You gotta give Hamilton credit , he phones Peel in the Yukon and has him fire the pilot from there , that way nobody gets shot.

It was wild back then .....

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Duke Elegant


Joined: Nov 28, 2002
Posts: 264 Posted: 2003-11-19 23:42
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The wind shrieked through camp .. we visited the windsock down on the Iskut .. it was cock stiff.... snow piling up on the airplanes.
We waited.

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Schooner69


Joined: Oct 18, 2001
Posts: 200
From: Atlantic Canada
Posted: 2003-11-20 06:10
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"The wind shrieked through camp .. we visited the windsock down on the Iskut .. it was cock stiff.... snow piling up on the airplanes.
We waited."


Duke: Ya can't be doin' this to me....start the story and finish it later. It's killin' me. It's worse than coitus interuptus. (Don't ask me how I know..)

Keep them coming, my son. You're letting a lot of people vicariously experience some very interesting times. Many of us have led relatively sheltered aviation lives; thanks for sharing.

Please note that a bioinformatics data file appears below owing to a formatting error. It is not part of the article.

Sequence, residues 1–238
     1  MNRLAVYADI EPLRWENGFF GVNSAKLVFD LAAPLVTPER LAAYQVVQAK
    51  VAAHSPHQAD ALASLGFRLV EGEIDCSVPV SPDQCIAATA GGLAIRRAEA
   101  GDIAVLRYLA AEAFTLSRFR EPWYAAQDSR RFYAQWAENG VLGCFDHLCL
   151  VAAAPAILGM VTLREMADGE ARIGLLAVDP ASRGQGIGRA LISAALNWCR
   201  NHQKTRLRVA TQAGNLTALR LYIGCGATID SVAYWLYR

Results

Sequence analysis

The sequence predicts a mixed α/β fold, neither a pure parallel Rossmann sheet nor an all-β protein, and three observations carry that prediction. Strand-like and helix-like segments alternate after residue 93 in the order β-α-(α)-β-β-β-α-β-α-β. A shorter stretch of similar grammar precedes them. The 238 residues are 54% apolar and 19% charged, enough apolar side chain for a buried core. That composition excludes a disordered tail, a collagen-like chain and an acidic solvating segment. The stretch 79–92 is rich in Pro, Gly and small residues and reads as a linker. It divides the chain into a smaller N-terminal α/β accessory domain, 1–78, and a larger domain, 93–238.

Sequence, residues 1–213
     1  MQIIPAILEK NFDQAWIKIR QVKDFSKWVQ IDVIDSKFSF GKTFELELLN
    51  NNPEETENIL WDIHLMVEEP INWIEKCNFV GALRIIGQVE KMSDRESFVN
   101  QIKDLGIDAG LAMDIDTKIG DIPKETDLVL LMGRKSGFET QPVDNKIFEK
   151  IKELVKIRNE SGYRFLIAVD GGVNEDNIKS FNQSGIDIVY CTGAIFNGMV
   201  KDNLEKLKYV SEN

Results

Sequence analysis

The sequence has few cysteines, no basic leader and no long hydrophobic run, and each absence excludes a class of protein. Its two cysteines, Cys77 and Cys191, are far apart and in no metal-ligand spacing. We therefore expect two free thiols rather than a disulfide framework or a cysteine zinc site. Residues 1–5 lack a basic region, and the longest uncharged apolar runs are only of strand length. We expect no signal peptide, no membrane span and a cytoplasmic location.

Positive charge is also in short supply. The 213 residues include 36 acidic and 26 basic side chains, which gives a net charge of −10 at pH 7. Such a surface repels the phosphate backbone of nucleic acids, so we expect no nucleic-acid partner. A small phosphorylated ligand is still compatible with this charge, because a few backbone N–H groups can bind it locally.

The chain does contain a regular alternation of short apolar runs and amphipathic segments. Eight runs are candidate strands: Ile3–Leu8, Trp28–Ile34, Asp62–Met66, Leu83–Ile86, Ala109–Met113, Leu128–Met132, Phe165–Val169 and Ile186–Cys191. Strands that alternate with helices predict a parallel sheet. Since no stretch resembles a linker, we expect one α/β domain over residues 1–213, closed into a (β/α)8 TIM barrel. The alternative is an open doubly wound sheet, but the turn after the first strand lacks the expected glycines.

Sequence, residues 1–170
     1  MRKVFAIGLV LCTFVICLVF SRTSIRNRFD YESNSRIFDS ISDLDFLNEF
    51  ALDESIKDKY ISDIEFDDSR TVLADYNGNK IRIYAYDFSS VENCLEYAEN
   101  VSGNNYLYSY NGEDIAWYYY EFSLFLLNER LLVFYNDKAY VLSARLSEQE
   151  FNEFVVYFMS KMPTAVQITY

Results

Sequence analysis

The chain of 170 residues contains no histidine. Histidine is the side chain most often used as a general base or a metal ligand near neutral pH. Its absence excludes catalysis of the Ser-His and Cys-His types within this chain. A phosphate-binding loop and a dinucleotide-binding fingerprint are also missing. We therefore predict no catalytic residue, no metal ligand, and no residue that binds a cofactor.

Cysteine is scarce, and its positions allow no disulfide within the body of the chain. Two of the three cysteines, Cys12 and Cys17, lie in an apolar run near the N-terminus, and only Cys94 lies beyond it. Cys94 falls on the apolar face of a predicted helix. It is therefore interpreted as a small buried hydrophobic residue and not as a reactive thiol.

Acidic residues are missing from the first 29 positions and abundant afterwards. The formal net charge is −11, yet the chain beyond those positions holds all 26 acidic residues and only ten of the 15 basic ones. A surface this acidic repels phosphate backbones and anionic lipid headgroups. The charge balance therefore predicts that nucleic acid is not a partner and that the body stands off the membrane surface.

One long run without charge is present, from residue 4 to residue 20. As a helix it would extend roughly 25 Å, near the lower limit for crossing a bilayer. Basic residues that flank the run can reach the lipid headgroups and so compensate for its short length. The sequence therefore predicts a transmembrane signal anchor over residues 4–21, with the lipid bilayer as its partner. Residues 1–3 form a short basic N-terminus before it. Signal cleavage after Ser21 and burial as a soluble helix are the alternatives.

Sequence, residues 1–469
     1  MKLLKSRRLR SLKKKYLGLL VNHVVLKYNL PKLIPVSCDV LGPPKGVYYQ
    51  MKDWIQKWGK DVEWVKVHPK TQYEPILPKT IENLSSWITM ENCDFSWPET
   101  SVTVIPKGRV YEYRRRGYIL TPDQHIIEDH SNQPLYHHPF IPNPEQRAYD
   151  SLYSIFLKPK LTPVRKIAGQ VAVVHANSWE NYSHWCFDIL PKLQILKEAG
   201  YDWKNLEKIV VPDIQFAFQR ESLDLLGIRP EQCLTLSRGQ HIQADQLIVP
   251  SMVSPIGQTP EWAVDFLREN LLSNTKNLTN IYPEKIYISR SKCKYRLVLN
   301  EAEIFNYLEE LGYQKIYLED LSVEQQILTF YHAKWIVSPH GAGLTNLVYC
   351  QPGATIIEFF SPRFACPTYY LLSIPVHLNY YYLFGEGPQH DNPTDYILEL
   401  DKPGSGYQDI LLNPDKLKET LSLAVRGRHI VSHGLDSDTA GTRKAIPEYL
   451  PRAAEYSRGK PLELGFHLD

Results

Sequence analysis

PS For those who are not familiar with Latin, Coitus Interuptus translates as: "Somebody named Coitus broke into our conversation..".


_________________
FixedWing, GoldWing, FlingWing..Life is good!

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Cat Driver


Joined: Feb 15, 2003
Posts: 1194 Posted: 2003-11-20 08:05
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Hey Duke :

How about telling everyone about the ham and cheese sandwiches and cool aid they used to give us between flights, while the ground crew sat in the cook house eating steak and potatoes....Good old Footner Lake / High Level tanker base...

Cat Driver:
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#2 Post by avcanada » Sat Mar 17, 2007 8:35 am

"It was around 1978/1980.

One of the A26 fire bombers was piloted by Spike
Burnett , an old Aviator ,
who was a veteren of the Artic ... Twin Otters I
believe.
He was the Group Manager of the four bombers and the
Cessna 310 bird dog.
Although beloved by all , he was a chronic smoker
and visits to his room had
us crouching low so as to keep our heads out of the
blue haze occupying the
top third of the airspace in his room. He soon
died."


Spike Burnett was my father and contrary to what is reported here (the way this piece has been written it sounds like he died flying water bombers and Mr. Elegant took over from him), he actually died in 1984 of a heart attack shortly after returning from a vacation in Hawaii.

My father was well respected and beloved within the industry, had a safety record that was the envy of many and flying was the love of his life
from the moment he sat down in the cockpit of a Tiger Moth on June 28, 1943 at No.6 E.F.T.S. in Prince Albert, Sask.. Ask anyone who knew him and they will tell you he was one of the nicest guys to work for and ranked as one of the most safety conscious pilots within the industry that you could ever hope to meet.

Sincerely,



Dr. Sharon (Burnett) House